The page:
Pragmatic science: the challenge of 2014

16th January 2014


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Maria Grant

Peter Young argues that the biggest challenge facing practitioners in the year ahead is in effectively communicating their environmental knowledge

The rigour of science and engineering can be a burden. Environment professionals, who are almost exclusively scientists and engineers, will feel that burden more in 2014 than ever before. Why? Well, as scientific evidence of the relevance and value of their knowledge builds ever stronger, public interest in their endeavours is at risk of decline.

The key challenge will be responding to an increasing marginalisation by politicians and society looking for quicker resolutions to economic and social woes. Worse still, the scale and long-term commitment needed to tackle environment concerns – climate change, resource security, water scarcity, sustainable construction and decarbonisation – is so extensive that most public leaders find it better to deny the need to change than to enter a proper scientific debate.

So, the challenge in 2014 will be to show how short-term economic and social needs can only be met sensibly by taking the environment into account and, indeed, putting it at the forefront when choosing solutions that will prove sustainable to the benefit of all, especially those who will be on the planet beyond 2050.

However, to do this requires a little less rigour. In tackling the purely emotional response of public-speaking politicians banning phrases such as climate change, for example, a scientist will never prevail, however good her or his evidence. This is why we see the UK parking its climate change commitments at a time when the news is full of the costs of extreme weather and increased commodity prices.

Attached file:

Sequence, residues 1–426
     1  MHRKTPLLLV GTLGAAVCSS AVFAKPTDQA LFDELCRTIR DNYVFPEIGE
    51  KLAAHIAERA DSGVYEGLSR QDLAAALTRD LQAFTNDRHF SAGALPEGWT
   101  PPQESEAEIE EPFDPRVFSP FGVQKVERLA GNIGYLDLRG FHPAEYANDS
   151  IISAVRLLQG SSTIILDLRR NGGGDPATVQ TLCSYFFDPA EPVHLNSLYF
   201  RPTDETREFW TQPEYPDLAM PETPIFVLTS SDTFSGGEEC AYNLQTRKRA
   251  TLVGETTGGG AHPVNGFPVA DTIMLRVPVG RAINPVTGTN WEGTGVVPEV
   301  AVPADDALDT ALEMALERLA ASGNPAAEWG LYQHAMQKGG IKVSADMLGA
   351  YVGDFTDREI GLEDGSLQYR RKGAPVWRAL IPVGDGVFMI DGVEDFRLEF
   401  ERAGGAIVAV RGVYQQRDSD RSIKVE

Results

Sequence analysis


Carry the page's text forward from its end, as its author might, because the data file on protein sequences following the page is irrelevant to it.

The problem is that you cannot prove in a scientific sense that the gales, floods and price increases are directly a result of climate change and even less so global warming, which will continue long term, but year-on-year is not predictable.

What is needed is a new pragmatic approach to articulate the environment knowledge we have, and to expose those who deny the pre-eminence of environmental challenges and solutions to our future wellbeing. And there is a great forum to demonstrate this, the corporate sector. More and more companies are adopting environment-savvy corporate strategies to combat actual and predicted risks related to crop yields, raw materials, supply chains and customer demands.

Investment in low-carbon technologies, resource-efficient operations and energy efficiency is rising year-on-year and 2014 will see this trend continue. This provides a great opportunity for innovation and excellence by environment professionals in meeting and exceeding businesses’ demands.

While these private sector leaders are, at heart, driven by self preservation, competitiveness and profit, their experiences of shifting to a more sustainable footing must be communicated to those who seek to govern us and to international institutions to empower them to act boldly. Who else can design the long-term and strategic visions for our tax, infrastructure and social services that are consistent with a sustainable future?

Of course, it is important to maintain rigour in accumulating evidence of environmental change, both losses and gains, so we know how to improve the health of the planet, as well as the wealth of its population.

To gain an unchallenged commitment to start enhancing the wellbeing of our planet, rather than being satisfied by occasionally slowing its long-term decline, requires a new approach. We can only turn this corner in 2014 if we recognise that logic and science alone will not win the argument.

The biggest challenge of the coming months is to not to be satisfied with delivering more environmentally excellent projects, while still living in a society that is ecologically unsustainable.

We need to develop the skills in communication, persuasion and emotional intelligence in 2014 to make responsibility for the environment everyone’s burden. To ensure that responsibility becomes a human instinct integral to any leader’s authority and not just contemplated when presented with unarguable scientific proof.

The gap between where we are now and where we need to be is not going to be closed in one year, but every minute of procrastination makes it wider and more difficult to bridge.


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